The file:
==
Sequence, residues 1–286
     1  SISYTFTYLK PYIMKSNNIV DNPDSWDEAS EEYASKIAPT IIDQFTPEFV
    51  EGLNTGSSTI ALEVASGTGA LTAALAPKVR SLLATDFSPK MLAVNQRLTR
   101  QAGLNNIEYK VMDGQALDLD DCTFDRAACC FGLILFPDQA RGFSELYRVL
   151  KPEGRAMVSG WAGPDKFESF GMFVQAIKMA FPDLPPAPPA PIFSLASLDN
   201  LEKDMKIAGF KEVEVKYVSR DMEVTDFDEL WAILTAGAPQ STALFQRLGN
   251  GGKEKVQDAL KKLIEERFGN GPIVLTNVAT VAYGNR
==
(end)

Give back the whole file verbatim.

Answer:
Sequence, residues 1–286
     1  SISYTFTYLK PYIMKSNNIV DNPDSWDEAS EEYASKIAPT IIDQFTPEFV
    51  EGLNTGSSTI ALEVASGTGA LTAALAPKVR SLLATDFSPK MLAVNQRLTR
   101  QAGLNNIEYK VMDGQALDLD DCTFDRAACC FGLILFPDQA RGFSELYRVL
   151  KPEGRAMVSG WAGPDKFESF GMFVQAIKMA FPDLPPAPPA PIFSLASLDN
   201  LEKDMKIAGF KEVEVKYVSR DMEVTDFDEL WAILTAGAPQ STALFQRLGN
   251  GGKEKVQDAL KKLIEERFGN GPIVLTNVAT VAYGNR